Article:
He's not particularly well known, but I used to be amused by a guy called Tony Green, who played a character called Sir Gideon Vein, this ridiculous, over the top thespian. He ran a club called Open Heart in East London. A lot of performance artists, like Ian Hinchcliffe, used to come. He was so unpredictable and broke every rule.

I remember playing a club in Clapham with Jo Brand and there was only one person in the audience, but we still did the show.

I formed a little theatre group with Andrew Bailey, very quirky, and a guy called Simon, who had a funeral hearse. We used to go to festivals together. Andrew was reasonably small, I was in the middle then there was Simon, it was visually very good. People used to come up to us in garages and offer their condolences. Then the hearse turned into a sort of theatre platform. We had quite a weird show together!

There were quite a few quirky acts around at the time, like Chris Lynam -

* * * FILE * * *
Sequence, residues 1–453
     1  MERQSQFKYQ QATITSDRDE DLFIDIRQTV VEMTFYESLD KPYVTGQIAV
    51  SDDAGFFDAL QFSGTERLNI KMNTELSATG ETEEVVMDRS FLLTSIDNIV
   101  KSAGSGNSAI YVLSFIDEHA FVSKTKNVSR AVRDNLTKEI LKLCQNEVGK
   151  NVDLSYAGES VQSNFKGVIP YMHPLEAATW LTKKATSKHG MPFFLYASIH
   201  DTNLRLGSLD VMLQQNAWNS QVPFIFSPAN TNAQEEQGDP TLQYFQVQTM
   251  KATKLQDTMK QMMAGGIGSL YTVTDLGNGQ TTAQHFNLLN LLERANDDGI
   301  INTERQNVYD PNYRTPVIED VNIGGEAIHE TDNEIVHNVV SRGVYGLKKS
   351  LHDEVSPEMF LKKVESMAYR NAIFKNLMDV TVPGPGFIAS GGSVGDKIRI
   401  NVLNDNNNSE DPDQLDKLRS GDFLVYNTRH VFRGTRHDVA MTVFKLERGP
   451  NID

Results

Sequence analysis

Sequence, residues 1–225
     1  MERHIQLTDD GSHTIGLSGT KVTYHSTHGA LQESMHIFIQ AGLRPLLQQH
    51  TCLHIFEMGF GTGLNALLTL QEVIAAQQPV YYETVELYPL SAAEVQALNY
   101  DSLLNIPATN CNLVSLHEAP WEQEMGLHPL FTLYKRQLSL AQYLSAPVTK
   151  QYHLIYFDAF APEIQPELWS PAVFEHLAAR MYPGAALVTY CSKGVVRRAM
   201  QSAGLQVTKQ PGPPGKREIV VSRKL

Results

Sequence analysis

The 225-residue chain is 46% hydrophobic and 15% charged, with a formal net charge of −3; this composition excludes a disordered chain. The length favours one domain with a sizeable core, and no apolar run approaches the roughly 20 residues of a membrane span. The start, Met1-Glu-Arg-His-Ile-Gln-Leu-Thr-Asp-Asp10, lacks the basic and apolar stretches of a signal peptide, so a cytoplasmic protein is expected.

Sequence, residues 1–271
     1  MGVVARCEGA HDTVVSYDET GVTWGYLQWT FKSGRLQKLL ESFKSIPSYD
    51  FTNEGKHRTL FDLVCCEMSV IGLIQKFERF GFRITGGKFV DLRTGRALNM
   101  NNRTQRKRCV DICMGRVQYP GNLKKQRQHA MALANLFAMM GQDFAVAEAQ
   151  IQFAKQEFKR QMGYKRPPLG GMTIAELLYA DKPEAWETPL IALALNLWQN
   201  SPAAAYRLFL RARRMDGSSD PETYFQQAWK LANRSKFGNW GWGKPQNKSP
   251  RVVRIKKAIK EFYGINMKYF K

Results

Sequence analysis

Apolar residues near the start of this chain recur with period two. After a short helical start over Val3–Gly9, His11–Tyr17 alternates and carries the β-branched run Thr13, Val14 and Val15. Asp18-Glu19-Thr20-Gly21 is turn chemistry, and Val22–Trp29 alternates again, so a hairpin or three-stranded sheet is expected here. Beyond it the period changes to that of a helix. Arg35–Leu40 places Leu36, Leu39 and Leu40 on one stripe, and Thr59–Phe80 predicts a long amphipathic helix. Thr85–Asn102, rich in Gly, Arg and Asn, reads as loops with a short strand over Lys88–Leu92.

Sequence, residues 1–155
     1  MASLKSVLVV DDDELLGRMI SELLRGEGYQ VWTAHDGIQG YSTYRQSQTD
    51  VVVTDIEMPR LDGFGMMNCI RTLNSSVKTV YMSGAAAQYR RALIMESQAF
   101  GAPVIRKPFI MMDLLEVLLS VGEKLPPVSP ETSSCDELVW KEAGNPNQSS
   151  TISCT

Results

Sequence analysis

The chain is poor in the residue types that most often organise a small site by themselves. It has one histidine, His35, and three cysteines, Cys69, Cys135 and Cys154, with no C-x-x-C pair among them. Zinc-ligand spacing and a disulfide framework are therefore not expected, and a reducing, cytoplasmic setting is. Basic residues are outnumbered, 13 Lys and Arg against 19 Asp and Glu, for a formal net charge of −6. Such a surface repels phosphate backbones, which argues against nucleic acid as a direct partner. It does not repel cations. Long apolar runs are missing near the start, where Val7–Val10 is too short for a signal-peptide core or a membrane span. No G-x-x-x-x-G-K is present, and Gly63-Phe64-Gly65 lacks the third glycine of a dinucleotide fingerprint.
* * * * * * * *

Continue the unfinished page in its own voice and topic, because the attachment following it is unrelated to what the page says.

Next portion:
Ah yes, the firework up the bum. He was very dynamic. He actually booked me and a group of us to play the Rolling Stones concert at Knebworth. I didn't quite make it onstage, for various reasons. I think they wanted to create a carnival type of atmosphere, so they booked a load of clown-y type people. Unfortunately I missed my moment.

Did you at least get to meet The Stones?


You also played Glastonbury, did that go any better?

Some hippies took the block. I was meant to be in the cabaret tent. Everybody was there, Chris Lynam, Malcolm Hardee, but I was privileged because I was the only one allowed electricity, to power the generator for my freezer with the block. It was whirring all night, people thought I was a real VIP. 1990 it was, The Iceman played Glastonbury!

What prompted the move away from performing?

I had to earn a proper living, and ice melting didn't quite earn enough. I did quite a lot of different jobs. I started painting, oil paintings. That's my main activity. Completely different experience, because it's solitary and quite reflective. A lot of it is based on memories. Come to my first and last exhibition - at the Guggleton Farm in Dorset [until 5th August 2023].